Death is Our Companion
My 13-year-old nephew died of a rare blood disorder that stayed hidden until three days before it took his life. The shock of the statement is enough to stop people in their tracks, let alone the reality behind the statement. Death can come at any time, at any age, in any circumstance. If we are wise, it is our constant companion, reminding us to stay awake. It can rattle us out of our normal calm and complacent acceptance of the dreamstate, if we are still unaware of Reality with a capital “R.” However, even aware of Reality, the shock of the sudden death of a young person brings a palpable heartache. Certainly, it has produced a shattering of the hearts of those close to him.
The human body is frail. Even those who take exquisite care of their bodies, and have the resources to spare no expense, will eventually succumb to illness and death. How do we live in light of this truth? Soberly. Compassionately. Adroitly. As the shock wore off, and the numbness gave way to feeling, grief was and is my companion, as well as Death. There is no adequate explanation to offer the bereaved, even though inwardly my thought is ‘The Absolute is taking back a part of Itself: it gives Itself into human form, and returns to Itself when it decides to dissolve that form.’
Whether we’re here in this three-dimensional construct, or awake from this dreamstate, we’re still in a body. We can say, speaking a bit too imperiously from the Transcendent point of view, that “Nothing is happening and Everything is perfect, even the death of a boy.” Yet even as we speak or write those words, we feel the sensation in our throats, or the perception of our fingers striking the keyboard. Death will take the one who takes refuge in the Transcendent and refuses to acknowledge the Immanent (here and now 3-D world), just as quickly as one who denies the Transcendent and acknowledges only the material world.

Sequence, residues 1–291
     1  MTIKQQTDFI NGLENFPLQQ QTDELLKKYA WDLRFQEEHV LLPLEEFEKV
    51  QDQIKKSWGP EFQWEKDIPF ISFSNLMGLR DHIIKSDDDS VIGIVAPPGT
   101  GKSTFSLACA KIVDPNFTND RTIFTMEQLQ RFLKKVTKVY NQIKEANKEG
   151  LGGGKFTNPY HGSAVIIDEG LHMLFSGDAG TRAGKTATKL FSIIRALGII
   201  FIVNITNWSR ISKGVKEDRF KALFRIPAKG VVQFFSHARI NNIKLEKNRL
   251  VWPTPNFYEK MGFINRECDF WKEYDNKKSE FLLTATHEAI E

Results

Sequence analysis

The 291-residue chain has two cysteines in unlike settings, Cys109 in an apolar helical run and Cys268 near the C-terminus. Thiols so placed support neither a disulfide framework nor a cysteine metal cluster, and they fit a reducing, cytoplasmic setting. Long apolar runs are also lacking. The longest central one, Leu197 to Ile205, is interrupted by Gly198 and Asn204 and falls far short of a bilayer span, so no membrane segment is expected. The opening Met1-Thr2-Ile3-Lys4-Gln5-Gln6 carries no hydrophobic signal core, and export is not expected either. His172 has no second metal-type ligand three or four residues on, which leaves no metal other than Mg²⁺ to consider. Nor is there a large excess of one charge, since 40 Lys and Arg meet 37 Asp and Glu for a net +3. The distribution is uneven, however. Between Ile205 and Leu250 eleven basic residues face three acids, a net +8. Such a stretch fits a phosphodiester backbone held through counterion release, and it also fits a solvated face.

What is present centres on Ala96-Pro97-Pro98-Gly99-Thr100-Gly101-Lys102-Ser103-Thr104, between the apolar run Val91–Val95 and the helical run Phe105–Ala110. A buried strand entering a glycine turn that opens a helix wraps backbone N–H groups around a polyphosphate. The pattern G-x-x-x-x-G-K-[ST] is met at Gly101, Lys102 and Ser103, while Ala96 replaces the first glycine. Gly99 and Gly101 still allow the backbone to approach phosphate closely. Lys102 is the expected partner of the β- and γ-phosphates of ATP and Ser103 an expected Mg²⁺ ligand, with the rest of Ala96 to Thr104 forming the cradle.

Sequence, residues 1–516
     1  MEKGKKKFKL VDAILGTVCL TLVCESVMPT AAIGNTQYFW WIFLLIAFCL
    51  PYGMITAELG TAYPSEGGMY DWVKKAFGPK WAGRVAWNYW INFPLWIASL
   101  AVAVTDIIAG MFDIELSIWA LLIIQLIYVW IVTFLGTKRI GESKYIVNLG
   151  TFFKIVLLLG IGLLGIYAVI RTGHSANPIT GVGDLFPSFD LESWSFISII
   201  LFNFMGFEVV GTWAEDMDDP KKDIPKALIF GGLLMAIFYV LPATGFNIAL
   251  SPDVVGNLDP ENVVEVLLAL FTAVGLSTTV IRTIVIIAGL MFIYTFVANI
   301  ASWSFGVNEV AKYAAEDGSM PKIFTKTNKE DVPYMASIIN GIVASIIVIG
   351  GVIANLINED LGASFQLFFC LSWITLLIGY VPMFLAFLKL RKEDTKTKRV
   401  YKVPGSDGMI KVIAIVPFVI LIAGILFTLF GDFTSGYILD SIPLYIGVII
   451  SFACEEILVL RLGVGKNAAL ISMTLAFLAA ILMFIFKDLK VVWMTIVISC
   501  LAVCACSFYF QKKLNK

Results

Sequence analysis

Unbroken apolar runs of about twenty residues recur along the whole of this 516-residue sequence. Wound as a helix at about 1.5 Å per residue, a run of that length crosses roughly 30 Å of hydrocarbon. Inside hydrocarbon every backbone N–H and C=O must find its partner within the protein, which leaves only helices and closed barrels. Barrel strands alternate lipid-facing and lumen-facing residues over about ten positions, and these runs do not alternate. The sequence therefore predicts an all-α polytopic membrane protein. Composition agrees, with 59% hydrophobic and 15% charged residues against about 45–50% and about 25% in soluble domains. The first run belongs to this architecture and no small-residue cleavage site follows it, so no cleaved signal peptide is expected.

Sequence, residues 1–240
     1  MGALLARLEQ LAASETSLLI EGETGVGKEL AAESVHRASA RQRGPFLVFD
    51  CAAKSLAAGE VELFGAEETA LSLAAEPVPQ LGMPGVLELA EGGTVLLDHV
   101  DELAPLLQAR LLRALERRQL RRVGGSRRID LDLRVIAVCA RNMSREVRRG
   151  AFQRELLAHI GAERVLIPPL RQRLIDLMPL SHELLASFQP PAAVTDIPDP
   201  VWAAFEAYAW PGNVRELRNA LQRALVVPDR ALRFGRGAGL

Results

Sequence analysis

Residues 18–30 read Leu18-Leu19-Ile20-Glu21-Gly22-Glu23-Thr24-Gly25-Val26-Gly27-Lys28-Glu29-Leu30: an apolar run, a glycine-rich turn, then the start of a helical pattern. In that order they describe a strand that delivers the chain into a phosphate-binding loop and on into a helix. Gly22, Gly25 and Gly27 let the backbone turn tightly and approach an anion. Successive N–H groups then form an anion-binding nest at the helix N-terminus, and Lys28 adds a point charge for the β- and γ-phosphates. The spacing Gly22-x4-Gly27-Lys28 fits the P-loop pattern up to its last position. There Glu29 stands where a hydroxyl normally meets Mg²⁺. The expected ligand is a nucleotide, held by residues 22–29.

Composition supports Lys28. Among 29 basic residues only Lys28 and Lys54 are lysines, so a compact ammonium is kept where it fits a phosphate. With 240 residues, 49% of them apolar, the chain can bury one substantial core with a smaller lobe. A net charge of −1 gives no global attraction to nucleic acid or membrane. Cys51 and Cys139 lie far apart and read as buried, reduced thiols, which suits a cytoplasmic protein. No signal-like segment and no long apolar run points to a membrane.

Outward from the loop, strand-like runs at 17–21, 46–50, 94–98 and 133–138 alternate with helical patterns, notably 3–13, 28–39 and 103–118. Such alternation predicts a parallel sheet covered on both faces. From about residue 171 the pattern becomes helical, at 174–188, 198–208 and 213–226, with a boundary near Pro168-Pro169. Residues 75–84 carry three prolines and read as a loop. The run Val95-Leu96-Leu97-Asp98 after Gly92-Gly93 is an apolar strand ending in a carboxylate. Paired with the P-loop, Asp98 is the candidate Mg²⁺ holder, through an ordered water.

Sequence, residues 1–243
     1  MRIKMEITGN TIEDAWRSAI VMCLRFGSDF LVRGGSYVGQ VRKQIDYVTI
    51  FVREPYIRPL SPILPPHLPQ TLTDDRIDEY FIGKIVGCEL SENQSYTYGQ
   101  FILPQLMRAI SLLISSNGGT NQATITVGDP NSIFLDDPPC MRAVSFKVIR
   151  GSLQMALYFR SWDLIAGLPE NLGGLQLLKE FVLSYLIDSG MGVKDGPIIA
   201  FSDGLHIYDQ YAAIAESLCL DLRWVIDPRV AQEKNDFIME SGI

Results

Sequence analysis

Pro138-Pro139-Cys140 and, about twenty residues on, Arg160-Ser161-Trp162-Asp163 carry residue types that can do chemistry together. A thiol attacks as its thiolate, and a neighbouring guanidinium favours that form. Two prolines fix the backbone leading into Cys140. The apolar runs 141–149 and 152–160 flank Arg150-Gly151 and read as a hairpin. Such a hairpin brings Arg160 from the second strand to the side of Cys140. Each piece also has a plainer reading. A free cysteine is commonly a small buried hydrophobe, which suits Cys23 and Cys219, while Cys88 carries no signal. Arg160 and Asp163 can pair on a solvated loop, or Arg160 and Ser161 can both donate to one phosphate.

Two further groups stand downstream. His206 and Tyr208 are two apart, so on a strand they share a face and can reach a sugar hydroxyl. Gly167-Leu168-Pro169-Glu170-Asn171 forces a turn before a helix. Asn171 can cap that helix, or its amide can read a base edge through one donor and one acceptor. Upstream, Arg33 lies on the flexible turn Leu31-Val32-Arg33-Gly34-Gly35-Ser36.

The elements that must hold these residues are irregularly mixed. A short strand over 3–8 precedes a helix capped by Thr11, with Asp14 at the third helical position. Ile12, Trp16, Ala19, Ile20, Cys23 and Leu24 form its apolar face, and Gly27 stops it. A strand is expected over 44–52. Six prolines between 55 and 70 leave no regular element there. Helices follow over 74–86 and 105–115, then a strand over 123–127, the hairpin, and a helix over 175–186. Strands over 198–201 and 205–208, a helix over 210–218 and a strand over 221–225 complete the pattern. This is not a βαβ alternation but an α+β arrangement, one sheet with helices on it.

What do we do in the face of Death? Wake up to our True Nature as the Absolute Itself. Live as free from the distraction of the chattering mind as possible. Serve The Absolute in as many ways as possible. Comfort the grieving, even if they are ‘lost in the dreamstate’ and without denigrating their lostness. If we are no longer lost, we once were! The Absolute goes ‘down’ into form, awakens in and as and through these bodies, in order to serve Itself and know Itself in a multiplicity of ways. Our job is to cooperate with that, to surrender to that, and to accept the real suffering that exists in many forms here, including in saying goodbye to a wonderful 13-year-old boy. May our grief serve the good purpose of breaking our hearts open, so that more light shines through them in all directions.
May all people who read this ‘wake up’ in this lifetime: it is possible!